Nan

 

Now wait a second please...a "real" Southerner would never say you all! It's y'all. Sheesh!:lol:

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Well, I thought of spelling it properly, but then I remembered that some people in this discussion aren't from the US, so I thought I'd better be a bit more clear...

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Well, I thought of spelling it properly, but then I remembered that some people in this discussion aren't from the US, so I thought I'd better be a bit more clear...

 

Yes, but does you-all have a different connotation than y'all?:D

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Yes!

 

And we should not have to coax and bribe them into being there- after all, they choose their major and their school and they or their parents pay a lot of money - so why are many trying so hard to NOT get the education they paid for?

 

In NZ getting into uni is based mainly on what achievement & unit standards (test scores & grades) that you recieved in the last 2-3 years of highschool. Getting into polytech is based mostly on the interview. Grades are taken into consideration, but a strong desire to learn the course/program you are applying for will in many cases override any holes in your academic record. If a student is truely engaged & passionate about what they are studying, they will succeed in most courses, even if they have to work a bit harder. This has opened the door to tertiary education for many for whom the PS highschool was not a good fit & for many who decided to go back to school a few years after leaving highschool.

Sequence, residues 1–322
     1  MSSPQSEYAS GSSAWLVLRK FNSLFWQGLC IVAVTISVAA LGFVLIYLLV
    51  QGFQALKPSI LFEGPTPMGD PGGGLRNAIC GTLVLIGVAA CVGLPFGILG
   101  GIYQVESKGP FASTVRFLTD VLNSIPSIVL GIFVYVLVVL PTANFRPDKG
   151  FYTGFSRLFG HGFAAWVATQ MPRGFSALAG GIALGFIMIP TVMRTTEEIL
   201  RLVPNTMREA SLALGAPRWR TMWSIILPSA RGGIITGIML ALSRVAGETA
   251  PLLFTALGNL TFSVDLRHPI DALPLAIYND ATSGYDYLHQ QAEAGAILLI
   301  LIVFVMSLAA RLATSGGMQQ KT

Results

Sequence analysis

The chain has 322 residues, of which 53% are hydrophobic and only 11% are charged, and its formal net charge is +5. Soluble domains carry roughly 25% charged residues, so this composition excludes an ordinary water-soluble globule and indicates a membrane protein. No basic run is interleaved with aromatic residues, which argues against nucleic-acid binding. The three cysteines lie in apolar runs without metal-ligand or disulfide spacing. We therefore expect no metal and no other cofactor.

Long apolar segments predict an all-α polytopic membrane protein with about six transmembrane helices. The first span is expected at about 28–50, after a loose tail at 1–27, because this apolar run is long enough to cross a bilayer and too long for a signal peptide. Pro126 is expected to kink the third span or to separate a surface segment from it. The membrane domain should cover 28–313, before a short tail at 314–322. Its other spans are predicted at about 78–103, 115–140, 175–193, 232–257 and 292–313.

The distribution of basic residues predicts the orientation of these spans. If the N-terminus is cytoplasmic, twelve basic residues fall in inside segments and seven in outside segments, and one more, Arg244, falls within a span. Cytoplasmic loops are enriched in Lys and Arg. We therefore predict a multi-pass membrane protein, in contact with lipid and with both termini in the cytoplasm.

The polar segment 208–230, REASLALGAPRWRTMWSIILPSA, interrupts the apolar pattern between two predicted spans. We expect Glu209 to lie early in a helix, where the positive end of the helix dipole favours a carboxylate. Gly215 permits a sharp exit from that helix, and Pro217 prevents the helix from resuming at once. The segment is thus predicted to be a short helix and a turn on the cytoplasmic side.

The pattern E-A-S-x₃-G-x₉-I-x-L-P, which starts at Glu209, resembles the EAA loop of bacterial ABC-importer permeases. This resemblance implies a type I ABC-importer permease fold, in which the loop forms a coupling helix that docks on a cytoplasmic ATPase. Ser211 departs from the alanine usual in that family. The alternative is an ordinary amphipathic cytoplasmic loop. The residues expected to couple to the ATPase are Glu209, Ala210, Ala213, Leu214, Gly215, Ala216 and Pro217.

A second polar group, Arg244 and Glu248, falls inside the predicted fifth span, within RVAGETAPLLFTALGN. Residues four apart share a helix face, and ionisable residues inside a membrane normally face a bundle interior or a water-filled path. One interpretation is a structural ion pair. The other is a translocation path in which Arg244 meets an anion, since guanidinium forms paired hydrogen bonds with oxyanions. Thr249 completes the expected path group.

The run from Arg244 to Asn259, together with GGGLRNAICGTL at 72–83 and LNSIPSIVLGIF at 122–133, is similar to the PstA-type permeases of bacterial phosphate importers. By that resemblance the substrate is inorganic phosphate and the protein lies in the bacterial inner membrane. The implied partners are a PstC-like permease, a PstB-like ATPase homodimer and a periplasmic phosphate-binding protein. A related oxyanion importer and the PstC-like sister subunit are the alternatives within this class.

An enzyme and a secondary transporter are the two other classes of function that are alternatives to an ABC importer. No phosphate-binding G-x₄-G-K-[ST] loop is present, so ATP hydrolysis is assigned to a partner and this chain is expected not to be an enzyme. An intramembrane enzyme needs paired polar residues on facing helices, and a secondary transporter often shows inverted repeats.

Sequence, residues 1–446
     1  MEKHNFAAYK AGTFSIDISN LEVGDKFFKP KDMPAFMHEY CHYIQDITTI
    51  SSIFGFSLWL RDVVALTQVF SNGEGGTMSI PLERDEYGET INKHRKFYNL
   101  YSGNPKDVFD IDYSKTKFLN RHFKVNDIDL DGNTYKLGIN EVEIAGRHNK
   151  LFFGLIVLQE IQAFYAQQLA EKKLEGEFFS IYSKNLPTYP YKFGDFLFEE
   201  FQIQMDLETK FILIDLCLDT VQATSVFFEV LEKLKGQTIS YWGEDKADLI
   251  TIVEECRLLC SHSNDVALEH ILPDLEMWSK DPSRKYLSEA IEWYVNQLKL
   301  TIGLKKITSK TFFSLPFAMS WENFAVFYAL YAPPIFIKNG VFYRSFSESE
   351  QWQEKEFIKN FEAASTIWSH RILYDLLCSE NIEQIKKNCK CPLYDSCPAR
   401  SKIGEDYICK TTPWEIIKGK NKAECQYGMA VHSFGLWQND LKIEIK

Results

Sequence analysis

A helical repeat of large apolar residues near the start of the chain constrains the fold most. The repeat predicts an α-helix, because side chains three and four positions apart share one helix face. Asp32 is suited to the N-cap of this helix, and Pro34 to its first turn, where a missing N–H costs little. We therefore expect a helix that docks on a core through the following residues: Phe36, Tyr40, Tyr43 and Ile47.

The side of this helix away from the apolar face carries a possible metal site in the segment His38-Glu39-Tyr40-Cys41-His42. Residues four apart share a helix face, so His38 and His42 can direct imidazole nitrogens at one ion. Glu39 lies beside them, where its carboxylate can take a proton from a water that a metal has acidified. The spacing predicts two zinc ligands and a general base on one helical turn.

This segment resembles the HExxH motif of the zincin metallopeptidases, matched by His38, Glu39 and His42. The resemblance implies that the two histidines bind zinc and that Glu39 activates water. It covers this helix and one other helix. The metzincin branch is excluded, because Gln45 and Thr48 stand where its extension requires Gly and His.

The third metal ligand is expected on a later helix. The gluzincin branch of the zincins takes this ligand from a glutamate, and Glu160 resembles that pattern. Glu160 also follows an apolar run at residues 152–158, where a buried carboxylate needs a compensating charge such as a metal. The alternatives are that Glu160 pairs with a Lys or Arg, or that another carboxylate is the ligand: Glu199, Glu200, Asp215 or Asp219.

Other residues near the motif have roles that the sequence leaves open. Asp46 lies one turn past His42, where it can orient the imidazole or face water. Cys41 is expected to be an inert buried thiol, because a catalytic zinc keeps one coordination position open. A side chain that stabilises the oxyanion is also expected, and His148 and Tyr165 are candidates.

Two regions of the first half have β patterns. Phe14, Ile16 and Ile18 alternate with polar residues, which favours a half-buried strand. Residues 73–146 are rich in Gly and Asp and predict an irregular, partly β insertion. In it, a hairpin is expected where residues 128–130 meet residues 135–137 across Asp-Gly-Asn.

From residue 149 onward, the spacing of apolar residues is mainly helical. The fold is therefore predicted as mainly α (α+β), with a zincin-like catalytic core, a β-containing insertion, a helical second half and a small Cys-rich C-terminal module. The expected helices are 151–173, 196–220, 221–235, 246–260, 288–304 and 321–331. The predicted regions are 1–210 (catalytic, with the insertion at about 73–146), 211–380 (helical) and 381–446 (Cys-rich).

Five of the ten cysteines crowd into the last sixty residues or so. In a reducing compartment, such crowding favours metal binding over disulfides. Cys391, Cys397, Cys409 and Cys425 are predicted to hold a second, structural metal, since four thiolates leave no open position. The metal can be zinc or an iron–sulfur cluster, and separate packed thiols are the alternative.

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There was *talk* of such a system at one point but progress is slow. I read that "they" wanted to get scientists and mathematicians into the high schools. These professionals would be adjunct faculty....could teach their class and get back to work. They wouldn't need to do the 2years of teacher licensing crap which doesn't help w/ content. I know I'd teach if it weren't for Hsing and 2yrs of licensing courses.